As the hardreading staff noted earlier, yesterday’s Boston Herald got the better of the Globe in the Boston dailies’ coverage of the Demoulas Slapfight/Market Basket Rumpus. But today, the stately local broadsheet was on the story like Brown on Williamson, with four – count ’em, four – pieces on the grocery-store equivalent of mutually assured destruction.
Start, of course, with Page One (the Globe ePaper is Lost in Cyberspace right now, so no screenshots for you!).
Market Basket board still ponders sale offers
Bid by ousted leader reportedly the focus
Negotiations over the fate of the embattled Market Basket grocery chain stretched into a second day Tuesday, as the company’s board said the owners were evaluating a sale to help rescue the multibillion-dollar business.
As analysts warn that the value of the company falls and the threat to workers’ jobs rises with each day of indecision, the board said it was still considering offers by ousted president Arthur T. Demoulas and other suitors. People familiar with the talks said Demoulas’s offer was the focus of discussions throughout the day.
And Market Basket is the focus of the Globe throughout today’s paper. Drifting back to the Business section we find Shirley Leung’s column about other grocery families that struggled with ownership, Jack Newsham’s piece on Market Basket loyalists shopping at the competition, and a look at social media by Callum Borchers and Andrew Ba Tran, complete with nifty graphic.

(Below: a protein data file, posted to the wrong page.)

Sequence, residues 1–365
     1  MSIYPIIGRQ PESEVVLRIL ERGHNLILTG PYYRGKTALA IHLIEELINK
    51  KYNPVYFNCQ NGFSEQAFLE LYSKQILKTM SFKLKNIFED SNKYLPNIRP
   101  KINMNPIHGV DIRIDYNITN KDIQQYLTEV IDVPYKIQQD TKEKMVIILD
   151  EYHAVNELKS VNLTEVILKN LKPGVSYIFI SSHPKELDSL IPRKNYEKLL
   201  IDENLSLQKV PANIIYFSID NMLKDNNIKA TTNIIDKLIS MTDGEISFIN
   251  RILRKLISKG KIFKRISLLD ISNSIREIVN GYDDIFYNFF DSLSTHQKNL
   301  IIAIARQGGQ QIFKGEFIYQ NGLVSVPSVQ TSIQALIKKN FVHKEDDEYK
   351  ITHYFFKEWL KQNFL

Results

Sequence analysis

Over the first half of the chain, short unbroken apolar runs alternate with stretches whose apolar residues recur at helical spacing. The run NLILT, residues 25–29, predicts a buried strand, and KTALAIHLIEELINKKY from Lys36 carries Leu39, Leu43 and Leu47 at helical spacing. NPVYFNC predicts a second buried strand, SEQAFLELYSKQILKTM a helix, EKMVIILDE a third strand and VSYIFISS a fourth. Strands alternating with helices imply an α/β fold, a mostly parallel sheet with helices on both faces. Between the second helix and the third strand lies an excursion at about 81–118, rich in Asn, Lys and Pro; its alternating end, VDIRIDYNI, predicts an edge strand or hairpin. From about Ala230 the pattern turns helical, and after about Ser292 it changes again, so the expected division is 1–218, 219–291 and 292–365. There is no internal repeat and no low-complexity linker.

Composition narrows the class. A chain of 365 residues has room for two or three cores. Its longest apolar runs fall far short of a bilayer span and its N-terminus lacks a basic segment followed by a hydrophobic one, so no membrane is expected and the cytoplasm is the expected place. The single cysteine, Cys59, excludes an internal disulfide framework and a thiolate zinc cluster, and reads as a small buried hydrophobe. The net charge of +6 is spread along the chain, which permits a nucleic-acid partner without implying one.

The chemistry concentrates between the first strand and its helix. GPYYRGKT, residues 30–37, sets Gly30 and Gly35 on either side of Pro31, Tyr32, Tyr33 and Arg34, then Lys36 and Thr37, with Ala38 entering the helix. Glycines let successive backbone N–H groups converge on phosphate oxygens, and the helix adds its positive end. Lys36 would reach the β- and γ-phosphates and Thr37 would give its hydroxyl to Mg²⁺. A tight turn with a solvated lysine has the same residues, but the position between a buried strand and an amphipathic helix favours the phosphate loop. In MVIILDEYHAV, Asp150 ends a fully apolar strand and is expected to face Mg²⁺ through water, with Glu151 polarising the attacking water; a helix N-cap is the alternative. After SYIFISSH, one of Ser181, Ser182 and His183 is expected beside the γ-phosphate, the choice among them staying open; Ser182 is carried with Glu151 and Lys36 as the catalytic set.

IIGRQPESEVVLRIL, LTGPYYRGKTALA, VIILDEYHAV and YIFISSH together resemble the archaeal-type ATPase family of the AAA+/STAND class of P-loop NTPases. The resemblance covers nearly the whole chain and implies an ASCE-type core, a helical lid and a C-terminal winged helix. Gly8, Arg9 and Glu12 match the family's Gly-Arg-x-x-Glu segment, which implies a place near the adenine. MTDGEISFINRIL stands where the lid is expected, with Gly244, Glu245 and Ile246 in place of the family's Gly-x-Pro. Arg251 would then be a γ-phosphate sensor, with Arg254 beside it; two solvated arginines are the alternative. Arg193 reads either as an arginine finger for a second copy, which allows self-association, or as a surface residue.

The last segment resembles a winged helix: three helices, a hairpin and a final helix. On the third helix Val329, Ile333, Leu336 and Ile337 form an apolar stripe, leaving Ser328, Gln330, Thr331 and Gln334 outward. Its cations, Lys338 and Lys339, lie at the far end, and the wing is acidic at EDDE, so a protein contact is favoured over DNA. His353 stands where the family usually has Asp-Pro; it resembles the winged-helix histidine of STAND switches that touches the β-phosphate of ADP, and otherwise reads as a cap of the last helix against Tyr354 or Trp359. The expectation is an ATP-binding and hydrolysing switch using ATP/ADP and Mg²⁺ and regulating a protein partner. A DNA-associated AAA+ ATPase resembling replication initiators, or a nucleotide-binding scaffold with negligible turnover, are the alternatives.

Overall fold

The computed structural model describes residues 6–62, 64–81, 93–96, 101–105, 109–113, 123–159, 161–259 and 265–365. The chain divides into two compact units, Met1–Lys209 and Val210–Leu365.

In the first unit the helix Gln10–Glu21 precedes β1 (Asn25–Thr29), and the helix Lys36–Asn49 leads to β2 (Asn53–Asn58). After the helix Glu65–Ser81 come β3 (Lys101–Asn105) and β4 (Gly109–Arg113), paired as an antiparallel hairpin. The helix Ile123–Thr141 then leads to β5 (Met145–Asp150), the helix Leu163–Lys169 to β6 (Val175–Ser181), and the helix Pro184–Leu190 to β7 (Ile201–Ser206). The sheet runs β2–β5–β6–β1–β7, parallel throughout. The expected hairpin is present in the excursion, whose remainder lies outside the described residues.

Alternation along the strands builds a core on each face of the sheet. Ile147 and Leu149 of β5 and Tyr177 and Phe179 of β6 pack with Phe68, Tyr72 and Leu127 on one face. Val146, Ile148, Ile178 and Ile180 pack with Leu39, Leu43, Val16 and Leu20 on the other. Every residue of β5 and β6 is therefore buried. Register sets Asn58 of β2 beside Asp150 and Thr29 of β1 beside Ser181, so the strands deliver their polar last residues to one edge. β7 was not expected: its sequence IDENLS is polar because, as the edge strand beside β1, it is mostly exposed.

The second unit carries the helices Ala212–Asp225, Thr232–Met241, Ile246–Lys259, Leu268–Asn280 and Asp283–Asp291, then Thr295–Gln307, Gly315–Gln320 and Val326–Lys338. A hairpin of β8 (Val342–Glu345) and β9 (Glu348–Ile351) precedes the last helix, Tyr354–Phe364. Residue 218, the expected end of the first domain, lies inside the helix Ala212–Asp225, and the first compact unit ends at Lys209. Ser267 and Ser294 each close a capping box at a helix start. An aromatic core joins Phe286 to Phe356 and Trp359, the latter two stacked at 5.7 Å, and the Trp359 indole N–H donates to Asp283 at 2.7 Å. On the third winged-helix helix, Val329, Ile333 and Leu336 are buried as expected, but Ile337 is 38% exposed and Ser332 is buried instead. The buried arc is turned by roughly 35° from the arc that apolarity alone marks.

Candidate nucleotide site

Social media play key role in Market Basket saga
It should be no surprise that in the digital age Facebook has served as the center of the Market Basket protest movement. But just a few short weeks ago, many of the employees leading the fight barely knew their way around the Internet.
Until recently Market Basket didn’t have an official company website. It quickly crashed and is still not working. Managers have company e-mail accounts but use them sparingly. When you work in a supermarket, the colleague you need to talk to is never more than a few aisles away.
“Technology is not part of our company culture,” acknowledged Tom Gordon, who was a a grocery supervisor at market basket for 39 years before being fired in early July for helping organize the protest. “I’m still using my flip phone, if that’s any indication.
Yet a Facebook page called Save Market Basket has become the hub where workers lay out the next course of action to get their ousted president, Arthur. T. Demoulas reinstated, post news articles and letters from the company’s board of directors, and where tens of thousands of customers have pledged their support.
feels like there’s no bottom to this well, doesn’t it?